Vision On...

Feature in Issue 10-4 | Winter 1998

A major international festival celebrating the theatrical tradition of bringing inanimate objects to life is held every two years in Brighton. Visions, the festival of international animated theatre, last took place in the Autumn and helped to drag puppetry kicking and screaming into the 90s. John Daniel reports.

There were some very special guests at the visions98 festival in Brighton this Autumn. Many of them were old childhood friends I hadn’t seen for years. Meeting them again in person – dusted down and brought out of retirement specially for the event – was a thrilling experience.

There was Orinocho from the Wombles, Parsley from The Herbs, Bagpuss (Emily’s saggy cloth cat) and Basil Brush. Even the Clangers had been rescued from the cardboard boxes where they have been languishing for the last 24 years. They were all there – inside their temporary glass homes living (but not breathing) proof of the power that inanimate objects can wield over the human imagination.

But staring out from their glass display cabinets, these familiar faces didn’t quite live up to the childhood memories that I – and probably all those other visitors who grew up in the 70s – have of them. They all still exude star quality (they were major celebrities in their day), but it is shocking how diminutive and dog-eared they are in person. The Clangers (Postgate & Firmin, 1969-1974) were hand-knitted by Peter Firmin’s wife Joan – their little pink bodies are surprisingly home-spun and dowdy. The same can be said for Basil Brush, also a Peter Firmin creation, who cost just £12 to make back in the 1960s.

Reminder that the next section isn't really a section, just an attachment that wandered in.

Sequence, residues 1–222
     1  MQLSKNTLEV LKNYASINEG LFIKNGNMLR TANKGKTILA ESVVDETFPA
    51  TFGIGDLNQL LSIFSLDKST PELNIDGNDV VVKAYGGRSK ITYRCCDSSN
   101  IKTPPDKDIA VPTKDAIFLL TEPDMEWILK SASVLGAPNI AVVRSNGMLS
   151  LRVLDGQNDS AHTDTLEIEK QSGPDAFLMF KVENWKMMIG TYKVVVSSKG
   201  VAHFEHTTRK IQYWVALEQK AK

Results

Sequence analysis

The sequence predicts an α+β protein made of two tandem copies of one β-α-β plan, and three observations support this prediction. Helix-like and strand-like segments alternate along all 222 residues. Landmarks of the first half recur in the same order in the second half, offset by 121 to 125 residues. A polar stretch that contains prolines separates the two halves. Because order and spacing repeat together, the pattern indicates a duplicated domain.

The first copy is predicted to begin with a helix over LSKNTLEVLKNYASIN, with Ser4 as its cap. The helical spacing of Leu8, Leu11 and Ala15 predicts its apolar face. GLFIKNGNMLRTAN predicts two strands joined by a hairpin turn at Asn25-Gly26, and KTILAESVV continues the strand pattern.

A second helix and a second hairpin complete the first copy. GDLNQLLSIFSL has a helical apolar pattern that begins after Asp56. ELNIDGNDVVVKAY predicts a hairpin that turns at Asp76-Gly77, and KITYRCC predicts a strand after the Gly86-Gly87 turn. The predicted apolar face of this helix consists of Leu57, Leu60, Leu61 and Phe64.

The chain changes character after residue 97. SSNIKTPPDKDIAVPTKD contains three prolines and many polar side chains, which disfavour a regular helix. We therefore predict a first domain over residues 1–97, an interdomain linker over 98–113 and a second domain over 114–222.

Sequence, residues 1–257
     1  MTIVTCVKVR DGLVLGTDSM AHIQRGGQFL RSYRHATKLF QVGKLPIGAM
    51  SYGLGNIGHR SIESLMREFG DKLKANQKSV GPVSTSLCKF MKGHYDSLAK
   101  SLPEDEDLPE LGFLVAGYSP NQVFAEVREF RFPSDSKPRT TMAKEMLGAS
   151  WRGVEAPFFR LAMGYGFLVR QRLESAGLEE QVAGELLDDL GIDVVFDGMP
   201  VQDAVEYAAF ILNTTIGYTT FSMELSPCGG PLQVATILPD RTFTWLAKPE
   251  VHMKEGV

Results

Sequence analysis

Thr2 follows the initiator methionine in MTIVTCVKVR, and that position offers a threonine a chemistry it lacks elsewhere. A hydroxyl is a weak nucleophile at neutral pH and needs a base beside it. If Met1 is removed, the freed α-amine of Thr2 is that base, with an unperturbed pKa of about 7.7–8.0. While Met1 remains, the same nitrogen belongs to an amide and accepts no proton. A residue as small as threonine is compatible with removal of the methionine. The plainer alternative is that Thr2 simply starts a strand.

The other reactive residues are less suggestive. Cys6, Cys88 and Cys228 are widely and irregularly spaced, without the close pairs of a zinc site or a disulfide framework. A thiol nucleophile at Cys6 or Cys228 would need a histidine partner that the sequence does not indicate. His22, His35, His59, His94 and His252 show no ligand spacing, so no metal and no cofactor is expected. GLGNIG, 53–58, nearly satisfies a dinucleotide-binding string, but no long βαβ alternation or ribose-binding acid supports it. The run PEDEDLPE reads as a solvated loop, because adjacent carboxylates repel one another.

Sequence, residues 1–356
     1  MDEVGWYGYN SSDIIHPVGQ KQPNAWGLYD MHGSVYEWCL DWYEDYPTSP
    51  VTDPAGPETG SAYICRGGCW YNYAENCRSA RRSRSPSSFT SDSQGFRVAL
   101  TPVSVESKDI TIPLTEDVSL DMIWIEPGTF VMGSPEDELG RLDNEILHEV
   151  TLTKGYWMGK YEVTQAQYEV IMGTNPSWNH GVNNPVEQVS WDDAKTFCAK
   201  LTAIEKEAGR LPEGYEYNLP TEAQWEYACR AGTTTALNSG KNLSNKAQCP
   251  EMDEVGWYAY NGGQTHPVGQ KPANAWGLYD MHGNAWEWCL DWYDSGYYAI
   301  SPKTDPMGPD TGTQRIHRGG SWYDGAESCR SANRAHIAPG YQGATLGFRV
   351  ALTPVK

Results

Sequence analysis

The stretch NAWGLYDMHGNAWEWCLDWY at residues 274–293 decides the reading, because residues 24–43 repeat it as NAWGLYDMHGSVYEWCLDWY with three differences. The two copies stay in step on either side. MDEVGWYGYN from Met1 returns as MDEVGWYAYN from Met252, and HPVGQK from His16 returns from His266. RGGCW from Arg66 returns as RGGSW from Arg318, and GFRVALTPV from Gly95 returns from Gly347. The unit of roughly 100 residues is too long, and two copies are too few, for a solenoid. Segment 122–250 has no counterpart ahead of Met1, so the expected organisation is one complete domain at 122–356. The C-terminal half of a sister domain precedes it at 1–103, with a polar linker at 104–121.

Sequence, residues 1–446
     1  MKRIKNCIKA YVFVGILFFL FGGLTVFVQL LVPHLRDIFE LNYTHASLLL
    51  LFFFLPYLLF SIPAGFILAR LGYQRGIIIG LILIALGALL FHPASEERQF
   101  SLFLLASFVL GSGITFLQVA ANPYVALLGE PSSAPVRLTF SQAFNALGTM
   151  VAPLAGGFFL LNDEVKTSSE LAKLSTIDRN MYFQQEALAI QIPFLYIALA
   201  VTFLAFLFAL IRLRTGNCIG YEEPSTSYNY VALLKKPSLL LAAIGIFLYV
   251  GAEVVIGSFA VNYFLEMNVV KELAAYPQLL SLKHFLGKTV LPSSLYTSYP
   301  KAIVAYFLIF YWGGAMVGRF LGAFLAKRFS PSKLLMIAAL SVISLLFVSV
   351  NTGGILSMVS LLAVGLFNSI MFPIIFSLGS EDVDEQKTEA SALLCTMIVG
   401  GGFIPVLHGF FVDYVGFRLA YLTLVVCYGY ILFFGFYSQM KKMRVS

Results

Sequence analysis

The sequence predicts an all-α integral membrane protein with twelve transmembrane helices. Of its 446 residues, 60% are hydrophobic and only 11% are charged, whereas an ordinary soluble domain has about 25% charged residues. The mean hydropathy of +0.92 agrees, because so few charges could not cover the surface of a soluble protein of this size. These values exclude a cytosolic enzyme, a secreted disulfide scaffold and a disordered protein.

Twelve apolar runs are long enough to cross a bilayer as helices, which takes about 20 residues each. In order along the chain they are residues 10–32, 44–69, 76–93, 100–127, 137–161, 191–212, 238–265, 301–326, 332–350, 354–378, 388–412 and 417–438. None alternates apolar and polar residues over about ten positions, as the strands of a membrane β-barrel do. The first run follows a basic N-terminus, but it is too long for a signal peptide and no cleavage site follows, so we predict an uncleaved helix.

But I shouldn’t really have been surprised. Because removed from the worlds in which they once lived – the Clangers from the moon, the Wombles from Wimbledon Common, Parsley from the Herb Garden – and transported to display cabinets in a gallery, they’re no longer the living beings we remember. For the first time we can see them for what they really are – hand-crafted concoctions of fur, wool, felt and clay. To put it another way, being inside that gallery was like being in a mortuary full of all the long-deceased stars of animated children’s television shows laid-out on slabs. After all, a puppet is just an inanimate object (a corpse) before it is manipulated into life.

So with this in mind you can see how, as well as providing a nostalgic trip down memory lane, this exhibition at the University of Brighton Gallery was an instructive gateway to the visions festival as a whole. For the festival is a celebration of those magical moments in theatre when an audience suspends its’ disbelief and experiences inanimate objects coming to life. Okay, we always understood – even as children – that Sooty and Sweep were nothing more than glove puppets with Harry Corbett’s hands inside. But we still believed they were separately living entities anyway. This is all thanks to the puppeteer’s artistry. And at a time in which celluloid technology has advanced to the point in which animated characters can convincingly co-exist in the same world as their human supporting cast (Who Killed Roger Rabbit? and Toy Story, for instance), festivals like visions provide a comforting reminder that audiences can still be delighted by the simplest sleights of hand. And that artists don’t need huge special effects budgets to create magical spectacles live on stage.